A Plastic Ocean Arch was recently erected in Victoria, Seychelles, to showcase the harsh reality of ocean pollution.
The Ocean Project Seychelles, a non-governmental organization (NGO) established in November 2016, has been actively raising awareness of plastic pollution by hosting regular beach clean-ups around the beaches of Seychelles.
A total of 10.56 tons of rubbish had been recently collected from an expedition by the team to 8 of the Outer Islands of Seychelles, some of which was used to create the arch.
The art piece certainly showcases the implications of surmounting marine debris and gives an insight into what it might feel like for sea creatures to have their natural habitat taken over by plastic. It is hoped that the initiative will encourage people to be more conscious about their plastic consumption, and to make the switch from disposable plastic items for reusable alternatives.
Alain St.Ange, the island’s former Tourism Minister and now Leader of the “One Seychelles” political party, took time to see the Plastic Ocean Arch and said he wished to re-echo the sentiments made that:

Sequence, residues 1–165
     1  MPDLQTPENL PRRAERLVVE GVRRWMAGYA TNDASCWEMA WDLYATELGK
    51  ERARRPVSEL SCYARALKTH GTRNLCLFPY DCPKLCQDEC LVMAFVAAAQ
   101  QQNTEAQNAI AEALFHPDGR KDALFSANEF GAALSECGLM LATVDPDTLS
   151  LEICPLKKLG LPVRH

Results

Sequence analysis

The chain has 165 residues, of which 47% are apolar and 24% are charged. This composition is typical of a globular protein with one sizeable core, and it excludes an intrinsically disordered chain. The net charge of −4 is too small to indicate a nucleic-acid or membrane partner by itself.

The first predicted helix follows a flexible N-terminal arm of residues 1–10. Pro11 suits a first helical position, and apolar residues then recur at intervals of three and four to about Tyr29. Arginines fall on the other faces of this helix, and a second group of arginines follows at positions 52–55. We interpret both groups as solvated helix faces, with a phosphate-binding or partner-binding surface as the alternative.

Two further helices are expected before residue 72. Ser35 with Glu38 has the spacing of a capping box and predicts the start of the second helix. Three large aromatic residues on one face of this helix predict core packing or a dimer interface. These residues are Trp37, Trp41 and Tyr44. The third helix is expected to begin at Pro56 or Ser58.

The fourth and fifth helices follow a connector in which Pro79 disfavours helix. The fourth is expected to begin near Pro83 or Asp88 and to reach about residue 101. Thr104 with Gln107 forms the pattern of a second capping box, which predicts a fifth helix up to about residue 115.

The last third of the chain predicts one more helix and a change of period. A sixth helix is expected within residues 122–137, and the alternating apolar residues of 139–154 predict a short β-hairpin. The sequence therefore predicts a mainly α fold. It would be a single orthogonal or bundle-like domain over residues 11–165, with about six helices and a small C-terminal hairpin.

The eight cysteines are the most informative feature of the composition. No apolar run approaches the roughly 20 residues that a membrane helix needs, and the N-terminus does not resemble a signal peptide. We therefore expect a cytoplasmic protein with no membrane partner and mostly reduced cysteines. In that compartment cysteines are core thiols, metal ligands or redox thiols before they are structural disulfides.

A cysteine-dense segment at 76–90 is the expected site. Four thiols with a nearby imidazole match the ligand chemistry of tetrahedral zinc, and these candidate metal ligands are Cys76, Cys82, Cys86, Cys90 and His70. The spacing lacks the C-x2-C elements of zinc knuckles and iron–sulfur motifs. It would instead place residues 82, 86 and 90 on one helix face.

“In 2020, we continue to brand Seychelles as the picture-perfect destination, but more of us need to poke our heads under water to see what is truly going on. We must listen to our local scientists whose cries are falling on deaf ears. We must actively choose to minimize our contributions to the global problem and to maximize efforts nationally to combat pollution before it is too late for our vulnerable marine life.”
The Seychelles is an archipelago consisting of 115 islands in the Indian Ocean, off East Africa. It is home to numerous beaches, coral reefs, and nature reserves, as well as rare animals such as the giant Aldabra tortoises.